I just picked up a Charvel So Cal (2016 model) a little while ago, and after playing it a lot at home and at live shows with my various bands, I thought I would do a review on the guitar for those of you considering buying one.

To start with, here is a rundown of the features of the guitar:

Body: Alder
Number of Frets: 22
Fret Size: Jumbo
Fretboard Radius: 12″ to 16″ Compound Radius (304.8mm to 406.4mm)
Neck Material: 1-Piece Quartersawn Maple
Neck Finish: Polyester
Nut Width: 1.6875″ (42.8mm)
Scale Length: 25.5″ (648mm)
Fretboard: Maple
Bridge Pickup: Seymour Duncan T6-6 Distortion
Neck Pickup: Seymour Duncan SH-6N Distortion
Pickup Switching: 3-Position Toggle: Position 1. Bridge Pickup, Position 2. Bridge and Neck Pickups, Position 3. Neck Pickup
Controls: Master Volume
Hardware: Black
Bridge: Floyd Rose Special Double-Locking Tremolo (Recessed)

Well first things first, after playing the guitar at live shows and at home, I found that it stayed in tune very well. Even with the floating bridge, I didn’t have many tuning problems at all. At a live show, I had to tweak the fine tuners once or twice throughout a 3-hour gig, but that was it (even with considerable use of the floyd rose). I have since blocked the bridge so it only goes down (see this video for how I did it) and to be honest I think it stayed in tune better when it was floating. I just prefer it only being able to go down in pitch.

The pickups sound really nice, they are quite hot and powerful but sound great for rock and metal. With the in-between position and the ability to split the coils in the pickups using the push pull volume knob switch, you can get some pretty damn good clean tones for funk, pop, etc as well.

This guitar does come into it’s own for hard rock and metal though, and it is ideally suited to me to use in my 80s tribute show All Access 80s. I like the white colour that I got, however there are some other wicked colours available, including some crazy fluro colours such as neon yellow and hot pink.

The neck seems to either have no finish on it at all, or a very light finish, which feels really nice to play. The fretboard starts to get that dirty ‘worn in’ look quite quickly (which I personally think looks awesome), so the more you play it the better it feels to play.

The truss rod adjustment dial at the heel of the neck is a great addition, as it means you can adjust the neck relief without having to take the entire neck off like you do some other models.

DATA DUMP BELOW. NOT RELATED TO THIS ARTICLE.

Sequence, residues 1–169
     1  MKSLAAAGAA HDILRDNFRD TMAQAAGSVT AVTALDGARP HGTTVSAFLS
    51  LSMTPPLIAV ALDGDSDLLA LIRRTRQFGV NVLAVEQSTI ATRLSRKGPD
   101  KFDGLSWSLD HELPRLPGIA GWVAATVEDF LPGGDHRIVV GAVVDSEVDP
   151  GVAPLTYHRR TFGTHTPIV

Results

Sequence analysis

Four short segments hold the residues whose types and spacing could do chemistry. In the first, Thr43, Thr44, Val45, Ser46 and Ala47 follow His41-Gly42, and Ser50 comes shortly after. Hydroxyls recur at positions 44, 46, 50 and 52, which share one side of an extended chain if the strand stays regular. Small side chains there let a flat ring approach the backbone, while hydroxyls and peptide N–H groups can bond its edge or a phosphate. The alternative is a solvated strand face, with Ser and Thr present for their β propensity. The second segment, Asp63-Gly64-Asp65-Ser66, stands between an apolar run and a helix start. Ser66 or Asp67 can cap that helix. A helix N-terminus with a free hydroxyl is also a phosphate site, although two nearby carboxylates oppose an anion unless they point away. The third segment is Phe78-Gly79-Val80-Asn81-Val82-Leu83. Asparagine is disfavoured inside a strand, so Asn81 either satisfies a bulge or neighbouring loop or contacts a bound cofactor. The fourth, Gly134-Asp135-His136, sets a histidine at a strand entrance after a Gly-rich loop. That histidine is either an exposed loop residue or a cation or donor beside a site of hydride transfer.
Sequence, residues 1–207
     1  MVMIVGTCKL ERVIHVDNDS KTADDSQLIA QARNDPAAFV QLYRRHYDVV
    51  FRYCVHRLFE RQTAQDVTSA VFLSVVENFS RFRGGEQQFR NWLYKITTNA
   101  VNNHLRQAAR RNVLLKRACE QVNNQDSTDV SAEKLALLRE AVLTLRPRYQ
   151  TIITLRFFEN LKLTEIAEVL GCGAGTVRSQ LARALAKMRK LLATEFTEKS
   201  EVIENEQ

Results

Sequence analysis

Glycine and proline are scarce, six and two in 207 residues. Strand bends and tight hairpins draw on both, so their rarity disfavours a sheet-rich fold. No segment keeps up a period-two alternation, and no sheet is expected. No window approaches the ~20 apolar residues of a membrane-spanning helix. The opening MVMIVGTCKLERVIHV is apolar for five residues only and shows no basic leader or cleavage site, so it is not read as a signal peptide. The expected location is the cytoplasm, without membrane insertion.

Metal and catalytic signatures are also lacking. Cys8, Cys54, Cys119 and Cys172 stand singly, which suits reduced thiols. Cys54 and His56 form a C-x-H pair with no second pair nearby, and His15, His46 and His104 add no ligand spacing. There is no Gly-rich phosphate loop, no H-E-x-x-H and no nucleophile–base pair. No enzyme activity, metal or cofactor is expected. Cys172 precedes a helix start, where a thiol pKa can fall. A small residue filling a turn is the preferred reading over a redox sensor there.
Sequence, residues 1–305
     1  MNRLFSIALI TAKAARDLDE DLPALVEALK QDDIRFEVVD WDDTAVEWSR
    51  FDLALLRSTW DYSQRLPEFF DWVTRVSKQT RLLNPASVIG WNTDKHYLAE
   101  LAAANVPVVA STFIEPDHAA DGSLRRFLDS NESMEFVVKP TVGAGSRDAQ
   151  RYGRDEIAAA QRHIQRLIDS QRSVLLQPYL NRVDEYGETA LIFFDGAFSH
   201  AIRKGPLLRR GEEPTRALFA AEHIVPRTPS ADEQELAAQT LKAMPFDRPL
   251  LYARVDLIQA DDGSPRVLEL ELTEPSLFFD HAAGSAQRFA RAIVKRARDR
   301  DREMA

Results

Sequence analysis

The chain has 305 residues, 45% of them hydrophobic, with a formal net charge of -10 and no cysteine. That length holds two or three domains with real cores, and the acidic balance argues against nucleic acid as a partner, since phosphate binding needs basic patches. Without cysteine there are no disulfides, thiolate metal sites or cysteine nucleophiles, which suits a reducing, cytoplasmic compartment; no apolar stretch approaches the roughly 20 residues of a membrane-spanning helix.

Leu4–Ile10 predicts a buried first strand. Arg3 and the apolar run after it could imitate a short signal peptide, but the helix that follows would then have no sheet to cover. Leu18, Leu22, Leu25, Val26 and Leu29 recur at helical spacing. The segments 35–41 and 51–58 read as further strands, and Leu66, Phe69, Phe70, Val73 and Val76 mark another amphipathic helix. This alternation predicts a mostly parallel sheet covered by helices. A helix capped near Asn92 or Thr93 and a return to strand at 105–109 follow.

Some of the downsides of this guitar that I have noticed include the lack of an allen key holder on the back of the headstock and the pickup selector switch.

The allen key holder would be nice (and my previous Kramer Pacer Classics had one – check out my review here), however it isn’t an essential feature, and I remedied this by wrapping some rubber bands around the headstock to hold the allen key on the front of the headstock next to the string posts.

The selector switch is a bit stiff to move, so if you don’t push the switch hard enough, it doesn’t move into the next position. The switch also doesn’t make contact in certain parts of the range of motion, so where the ‘2’ and ‘4’ positions would be on a regular 5 way strat switch, this switch doesn’t make contact – resulting in no sound coming from the guitar. If you are careful not to accidentally push the switch into these specific positions though, you won’t have any problem. This could be fixed with a new switch if you were really concerned about it, and wouldn’t cost very much to fix.

For the price these are selling for, I think you get a nice array of features and a nicely playing and sounding guitar. There isn’t much that you couldn’t do with this guitar. There are a couple of upgrades you could do to make it even better (new switch, add an allen key holder, add a volume control for the neck pickup), however for not very much money you could do that yourself if you wanted to.

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